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Homemade Mozzarella & Slow Food Waitakere Group


A Sunday doesn’t get much better than having a group of foodies over for a mozzarella making workshop at the Gourmet Gannet. Making Mozzarella is fun at the best of times but that increased ten fold with the bunch from the Slow Food Waitakere group. For those local to Auckland and interested in locally produced food its a great group to get involved in, our next outing we will be visiting Kazuyo and Eri (Eri is a Japanese chef) and the menu is based on Japanese high Cuisine as make in Nara.

So how do you top a fun morning making mozzarella? Well you all pop along to the newly opened Tasting Shed on State Highway 16 for leisurely lunch. There we enjoyed dishes such as rolled pigs head, braised lambs neck on a bean puree, roasted quail, cauliflower fritters with cauliflower a la Greque and for those of us who had a sweet tooth a churros con Chocolat and a citrus rice with brûlée crisp top. I’m glad it’s my local since there is so many dishes I would like to try.

Here’s the recipe for mozzarella in one hour. The key is to use pasteurized milk, it doesn’t work with ultra pasteurized or homogenized.

makes 3 medium balls
2 litre milk
1 tsp citric acid
½ tsp salt
½ tsp rennet (Renco brand from supermarkets) or 1/4 Mad Millie Vegetarian tablet
1ml calcium chloride

1. In a pan add;
2 litres full cream milk (Meadowfresh farmhouse, A2, NOT homogenized)
½ tsp salt (not iodized salt)
1ml calcium chloride
1tsp citric acid (dilute with 1 tsp water)
2. Gently heat to 32C, use a water bath if you are not confident with the milk.
3. Add;
½ tsp rennet or 1/4 tablet of veg rennet (diluted with 1tbsp water)
4. Stir well and leave for 20 minutes to allow curds to form.
5. Cut curds into 1 cm cubes with a knife.
6. Heat gently to 41C slowly forming the curd into a ball with a slotted spoon. This should gradually come together into a ‘milk brain’ shape. Do not force or squeeze the curd together. Do not over heat. Remove from heat.
7. In a small pan heat some sterilized water to 70C.
8. Place a ball of curd into the hot water (inside a sieve for ease of lifting out) to cook & stretch the curd. Roll around with a wooden spoon. It should start to become stretchy/sticky.
9. Take the ball out of the hot water and stretch (do not pull, let gravity do the work) then fold, then shape into a ball shape.
10. Plunge into a bowl of ice cold water. This helps cool the cheese quickly and retain its shape.
11. Eat immediately or it can be retained in the fridge in a sealed container for a few days only. Remember, it has no preservatives!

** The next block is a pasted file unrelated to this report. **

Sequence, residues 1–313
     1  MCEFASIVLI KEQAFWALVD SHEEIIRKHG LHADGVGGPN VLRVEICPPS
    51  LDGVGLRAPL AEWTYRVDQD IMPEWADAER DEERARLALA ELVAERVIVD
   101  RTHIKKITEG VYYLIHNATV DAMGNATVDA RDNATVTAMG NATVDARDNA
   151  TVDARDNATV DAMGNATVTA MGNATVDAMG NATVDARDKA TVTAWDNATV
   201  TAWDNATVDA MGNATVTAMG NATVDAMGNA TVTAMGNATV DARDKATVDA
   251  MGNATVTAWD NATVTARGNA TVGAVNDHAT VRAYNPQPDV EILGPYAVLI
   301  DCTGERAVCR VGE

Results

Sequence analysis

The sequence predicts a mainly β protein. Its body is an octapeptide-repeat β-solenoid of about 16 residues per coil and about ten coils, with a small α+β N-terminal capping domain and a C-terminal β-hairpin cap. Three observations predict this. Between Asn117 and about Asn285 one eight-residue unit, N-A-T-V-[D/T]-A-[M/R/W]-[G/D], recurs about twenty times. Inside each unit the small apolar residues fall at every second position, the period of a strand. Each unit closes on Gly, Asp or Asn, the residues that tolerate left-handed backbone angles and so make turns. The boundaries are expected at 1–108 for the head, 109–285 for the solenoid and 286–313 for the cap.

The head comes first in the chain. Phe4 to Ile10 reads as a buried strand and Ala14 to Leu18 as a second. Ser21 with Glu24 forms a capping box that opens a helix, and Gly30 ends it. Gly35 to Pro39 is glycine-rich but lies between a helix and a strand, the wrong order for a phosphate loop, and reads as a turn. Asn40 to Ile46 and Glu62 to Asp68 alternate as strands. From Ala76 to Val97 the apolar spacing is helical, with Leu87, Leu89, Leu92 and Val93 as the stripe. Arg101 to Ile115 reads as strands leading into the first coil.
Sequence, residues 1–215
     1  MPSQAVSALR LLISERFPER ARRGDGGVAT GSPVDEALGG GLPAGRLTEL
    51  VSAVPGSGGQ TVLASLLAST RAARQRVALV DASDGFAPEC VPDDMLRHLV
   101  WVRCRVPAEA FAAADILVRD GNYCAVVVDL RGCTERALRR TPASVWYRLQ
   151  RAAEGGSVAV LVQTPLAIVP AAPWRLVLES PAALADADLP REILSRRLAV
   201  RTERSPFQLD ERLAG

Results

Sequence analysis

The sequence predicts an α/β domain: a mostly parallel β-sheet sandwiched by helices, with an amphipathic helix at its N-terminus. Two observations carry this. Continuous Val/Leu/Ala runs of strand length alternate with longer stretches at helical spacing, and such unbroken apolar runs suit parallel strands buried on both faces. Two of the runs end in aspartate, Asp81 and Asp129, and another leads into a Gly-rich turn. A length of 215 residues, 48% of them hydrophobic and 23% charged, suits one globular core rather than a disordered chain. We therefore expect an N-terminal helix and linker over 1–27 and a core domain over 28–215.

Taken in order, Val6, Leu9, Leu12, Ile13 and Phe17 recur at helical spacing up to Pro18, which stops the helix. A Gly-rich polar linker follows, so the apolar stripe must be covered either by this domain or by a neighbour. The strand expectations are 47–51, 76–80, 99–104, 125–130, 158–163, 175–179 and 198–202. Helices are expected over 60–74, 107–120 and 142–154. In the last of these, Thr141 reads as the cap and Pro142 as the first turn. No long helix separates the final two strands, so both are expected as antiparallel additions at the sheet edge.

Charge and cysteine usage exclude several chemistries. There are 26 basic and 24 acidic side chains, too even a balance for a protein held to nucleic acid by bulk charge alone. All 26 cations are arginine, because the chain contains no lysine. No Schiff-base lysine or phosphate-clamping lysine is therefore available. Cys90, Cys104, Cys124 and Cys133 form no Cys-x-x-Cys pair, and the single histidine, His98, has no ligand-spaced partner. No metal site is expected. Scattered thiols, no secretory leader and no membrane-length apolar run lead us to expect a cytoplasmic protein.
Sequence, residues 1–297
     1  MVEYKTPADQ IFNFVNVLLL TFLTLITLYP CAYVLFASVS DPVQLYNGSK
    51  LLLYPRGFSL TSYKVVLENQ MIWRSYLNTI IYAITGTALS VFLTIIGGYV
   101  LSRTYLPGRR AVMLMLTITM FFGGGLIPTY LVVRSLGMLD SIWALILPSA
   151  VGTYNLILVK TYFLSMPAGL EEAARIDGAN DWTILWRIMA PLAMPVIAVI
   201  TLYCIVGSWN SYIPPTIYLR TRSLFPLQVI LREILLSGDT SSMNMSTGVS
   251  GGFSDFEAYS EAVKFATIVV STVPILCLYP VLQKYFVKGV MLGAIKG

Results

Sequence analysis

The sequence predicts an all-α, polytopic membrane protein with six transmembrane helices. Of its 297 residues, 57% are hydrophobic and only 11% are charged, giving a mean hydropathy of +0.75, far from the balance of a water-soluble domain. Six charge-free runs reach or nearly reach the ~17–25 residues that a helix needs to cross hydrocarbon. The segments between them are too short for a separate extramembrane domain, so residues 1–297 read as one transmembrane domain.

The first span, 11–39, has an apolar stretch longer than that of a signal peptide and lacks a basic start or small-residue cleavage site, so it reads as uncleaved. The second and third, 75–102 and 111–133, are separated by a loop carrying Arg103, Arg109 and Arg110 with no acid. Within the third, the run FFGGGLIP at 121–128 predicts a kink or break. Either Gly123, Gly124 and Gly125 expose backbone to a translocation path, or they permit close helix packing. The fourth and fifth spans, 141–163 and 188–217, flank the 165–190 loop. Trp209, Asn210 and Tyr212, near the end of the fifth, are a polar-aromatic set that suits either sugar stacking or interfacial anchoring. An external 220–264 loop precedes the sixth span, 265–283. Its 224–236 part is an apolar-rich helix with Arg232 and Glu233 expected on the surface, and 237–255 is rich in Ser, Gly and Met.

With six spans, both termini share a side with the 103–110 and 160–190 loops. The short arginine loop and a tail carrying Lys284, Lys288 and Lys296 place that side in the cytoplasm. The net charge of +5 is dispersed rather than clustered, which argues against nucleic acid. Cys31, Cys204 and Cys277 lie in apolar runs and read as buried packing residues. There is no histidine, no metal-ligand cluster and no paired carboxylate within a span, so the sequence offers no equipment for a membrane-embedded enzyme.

(note; To acidic will be too stretchy. Not enough acid, will snap so use exact citric acid offered)

15 Comments Post a comment
  1. mairi29 #

    That looks great Alli, also can’t wait to check out the Tasting Shed 🙂

    August 21, 2011
  2. Thank you for hosting the event Alli! Everybody had a great time!

    And thank you for putting the recipe on the blog, when I upload the photos on the SF blog and mine I will link you.


    August 21, 2011
    • peasepudding #

      It was a pleasure to have the group over and I look forward to cathing up soon.

      August 21, 2011
  3. Yum that sounds great! I’ve had a mad millie kit for a while now but haven’t gotten around to making anything other than quark. Mozzarella is next on the list!

    August 21, 2011
  4. Wow home made mozarella this is something new to me, never had made any homemade cheeses. And thanks for the tip on Tasting Shed will definitly visit that place now.

    August 21, 2011
  5. i am so impressed!!

    August 21, 2011
  6. Very tasty looking dish. Thanks for sharing your recipe!! Can’t wait to try it.

    August 24, 2011
  7. Hey Ali 🙂

    Wow! This is so exciting! Perfect for the summer (hopefully they’ll roll by soon!!) Do you suggest Meadowfresh milk for this – like your halloumi recipe? or can I use any old milk? So excited to try this with my back yard basil !!


    btw. I’m so glad I found this site. Its amazing!!

    September 19, 2011
    • peasepudding #

      Hi Lynette, yes Meadowfresh is the best option from NZ supermarkets, it is pasteurized and not homogenized, it won’t work with homogenized. Happy cheese making and perhaps keep an eye out for more classes at Gourmet Gannet! Also why not hook up to, we have a conference in Kumeu in November.

      September 19, 2011
      • Thanks Ali 😀 I’ll go buy myself a (few) litres of milk/ cream this weekend! Planning on some Marscapone making too!. Your classes sounds fab – Always keen for more knowledge!

        September 20, 2011
  8. Rachel #

    Just a quick question – which of the two mozzarella recipes do you recommend? This one or the one hour recipe?

    And where do you get calcium chloride?

    January 10, 2012
    • peasepudding #

      The calcium chloride you can get from but this isn’t necessary to use with pasturised milk. They are both one hour recipes. I have sent you an email you can write to me on if you have more questions.

      January 10, 2012
  9. peasepudding #

    Do let me know when you make the mozzarella, it is lots of fun and yum to eat. Just make sure you keep to the temp stated in your instructions and all will be well.

    August 27, 2011

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